There ARE smaller breweries that Poppyland, but not very many: the room that the 2½-barrel brewkit sits in measures about 160 square feet. Your living room is probably larger. So the “brewery tour” consists of standing in a corner and pivoting on one heel through 180 degrees. That’s it: you have now done the Poppyland experience. Maybe we should copyright it …
Poppyland, in West Street, Cromer, on the North Norfolk coast, named for the nickname given to the area around Cromer in the late 19th century, was founded by Martin Warren in 2011, and built a reputation for well-made and eclectic beers: Poppyland was probably the first brewery in the UK to brew with kveik, Norwegian farmhouse yeast, for example, and its smoked porter with smoked hops, smoked in the local fish smokery in Cromer has been very popular, while Roger Protz featured its East Beach IPA in his book IPA: A Legend in Our Time.
Martin has now decided to retire, and the brewery was bought by my brother Dave at the start of this year. It’s a small enough operation to really not need more than one man and his missus (the lovely Mandy) to run, but I have a small role as part-time adviser and consultant, probably much in the style of Harry Enfield’s Mr Only Me (“You don’t want to do it like that!”). I look forward to saying to Michael Turner some time soon: “Hello, Michael, I’m a family brewer, and you’re not …”
The brewery is in premises that were once a small garage operation, and the sign outside on the fascia that says “ALES GAS ’N LAGER” is an anagram of “ALLEN’S GARAGE”. Next to the room where the brewing takes place is another room where beer, currently, is stored, which has a tiny (really tiny) bar. The plan is to move most of the beer storage elsewhere and stick in a couple of armchairs and a pair of stools, so that a maximum of four people can be accommodated for beer tastings and the like. Unfotunately there are no lavatorial facilities on site, which limits the amount of hospitality that can be put on somewhat: I doubt the White Horse just up the road will be excited by people popping in from the brewery to use their loos …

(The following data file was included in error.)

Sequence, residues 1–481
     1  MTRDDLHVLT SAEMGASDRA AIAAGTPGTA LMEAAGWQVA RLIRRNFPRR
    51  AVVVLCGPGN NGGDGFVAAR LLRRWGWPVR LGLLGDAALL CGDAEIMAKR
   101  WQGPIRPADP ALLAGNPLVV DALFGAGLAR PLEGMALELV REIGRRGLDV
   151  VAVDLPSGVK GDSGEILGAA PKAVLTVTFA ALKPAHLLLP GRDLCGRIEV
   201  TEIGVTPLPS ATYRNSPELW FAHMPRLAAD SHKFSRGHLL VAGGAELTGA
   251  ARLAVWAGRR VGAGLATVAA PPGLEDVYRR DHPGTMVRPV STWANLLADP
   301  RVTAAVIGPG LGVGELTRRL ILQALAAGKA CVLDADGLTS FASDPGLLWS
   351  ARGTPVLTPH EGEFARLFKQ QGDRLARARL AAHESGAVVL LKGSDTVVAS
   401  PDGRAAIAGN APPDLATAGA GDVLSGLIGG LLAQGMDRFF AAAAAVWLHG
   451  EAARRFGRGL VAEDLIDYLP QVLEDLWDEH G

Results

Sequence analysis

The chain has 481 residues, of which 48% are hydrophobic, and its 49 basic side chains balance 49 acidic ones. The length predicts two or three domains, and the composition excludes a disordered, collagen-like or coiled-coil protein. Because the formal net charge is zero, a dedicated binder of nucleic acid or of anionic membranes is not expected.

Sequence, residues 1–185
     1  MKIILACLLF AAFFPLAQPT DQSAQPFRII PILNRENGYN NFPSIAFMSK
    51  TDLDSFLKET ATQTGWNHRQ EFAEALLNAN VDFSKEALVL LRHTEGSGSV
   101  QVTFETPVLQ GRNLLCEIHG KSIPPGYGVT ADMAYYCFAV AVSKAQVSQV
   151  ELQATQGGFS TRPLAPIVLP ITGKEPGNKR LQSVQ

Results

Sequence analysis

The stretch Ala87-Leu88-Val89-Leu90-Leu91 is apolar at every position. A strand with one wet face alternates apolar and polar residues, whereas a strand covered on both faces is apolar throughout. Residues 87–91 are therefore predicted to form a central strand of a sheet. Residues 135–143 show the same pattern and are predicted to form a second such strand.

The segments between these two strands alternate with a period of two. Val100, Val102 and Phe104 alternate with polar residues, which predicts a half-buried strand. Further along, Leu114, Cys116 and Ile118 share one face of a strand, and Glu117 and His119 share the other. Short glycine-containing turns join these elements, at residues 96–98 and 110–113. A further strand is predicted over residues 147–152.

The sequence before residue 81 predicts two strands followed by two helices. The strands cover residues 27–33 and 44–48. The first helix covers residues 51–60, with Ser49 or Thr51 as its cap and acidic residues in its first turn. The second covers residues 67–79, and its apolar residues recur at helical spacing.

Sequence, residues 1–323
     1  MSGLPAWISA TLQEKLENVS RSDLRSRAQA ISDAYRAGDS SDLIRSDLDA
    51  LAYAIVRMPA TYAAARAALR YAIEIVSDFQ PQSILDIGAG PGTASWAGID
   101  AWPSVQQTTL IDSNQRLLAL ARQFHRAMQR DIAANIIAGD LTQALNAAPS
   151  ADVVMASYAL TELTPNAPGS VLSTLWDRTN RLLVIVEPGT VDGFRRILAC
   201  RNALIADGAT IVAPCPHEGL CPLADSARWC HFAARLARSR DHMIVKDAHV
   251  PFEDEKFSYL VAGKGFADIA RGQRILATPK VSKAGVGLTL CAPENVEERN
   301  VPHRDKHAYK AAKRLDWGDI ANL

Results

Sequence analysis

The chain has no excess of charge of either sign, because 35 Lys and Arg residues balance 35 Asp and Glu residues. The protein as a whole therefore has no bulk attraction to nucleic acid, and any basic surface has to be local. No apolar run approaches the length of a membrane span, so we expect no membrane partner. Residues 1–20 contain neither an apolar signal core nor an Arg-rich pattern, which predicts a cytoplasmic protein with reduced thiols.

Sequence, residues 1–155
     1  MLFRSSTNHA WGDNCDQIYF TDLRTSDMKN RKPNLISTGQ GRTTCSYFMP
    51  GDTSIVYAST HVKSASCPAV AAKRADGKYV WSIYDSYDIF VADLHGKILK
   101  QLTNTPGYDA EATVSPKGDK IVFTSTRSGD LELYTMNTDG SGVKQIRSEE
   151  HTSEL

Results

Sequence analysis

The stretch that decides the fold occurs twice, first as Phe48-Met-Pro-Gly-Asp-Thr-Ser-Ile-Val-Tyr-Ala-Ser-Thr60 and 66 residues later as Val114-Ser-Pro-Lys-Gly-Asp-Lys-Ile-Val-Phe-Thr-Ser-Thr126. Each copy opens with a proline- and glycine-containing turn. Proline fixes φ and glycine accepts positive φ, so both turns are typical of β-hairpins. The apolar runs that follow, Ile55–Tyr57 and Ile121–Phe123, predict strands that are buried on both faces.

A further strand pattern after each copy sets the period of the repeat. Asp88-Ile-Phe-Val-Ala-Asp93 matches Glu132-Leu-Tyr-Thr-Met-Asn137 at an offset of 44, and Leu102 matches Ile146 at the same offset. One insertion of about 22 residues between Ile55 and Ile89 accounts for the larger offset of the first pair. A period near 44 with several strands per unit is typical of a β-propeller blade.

Brewing has been slow to restart, not least because of the bureaucracy that has to be gone through. This includes, but is not limited to
● Signing up to the alcohol wholesaler registration scheme (this may involve a 45-day wait …)
● Obtaining a certificate of recognition to be a producer and holder of beer
● Obtaining a premises licence
● Obtaining a personal licence (this involves a police check, and passing an exam …)
● Obtaining permission to discharge waste
● Obtaining a licence to be a holder of acid
At the same time my brother has been undergoing a swift education in how to brew, courtesy of, among others Norfolk Brewhouse in Hindringham some 16 miles to the west of Comer.
So: hopefully, Poppyland should be ready to roll under its new owner within days. The first brew under the new management, my brother tells me, will be called Coddiwomple, which, he says, is an old English word meaning “to travel purposefully towards an as-yet-unknown destination”. I hae ma doots about that, but the motto of Poppyland since Martin Warren started it eight years ago has always been “adventures in beer start here”, and that’s certainly true. I’ll be keeping you up to date with our adventures, as we travel towards that as-yet-unknown destination …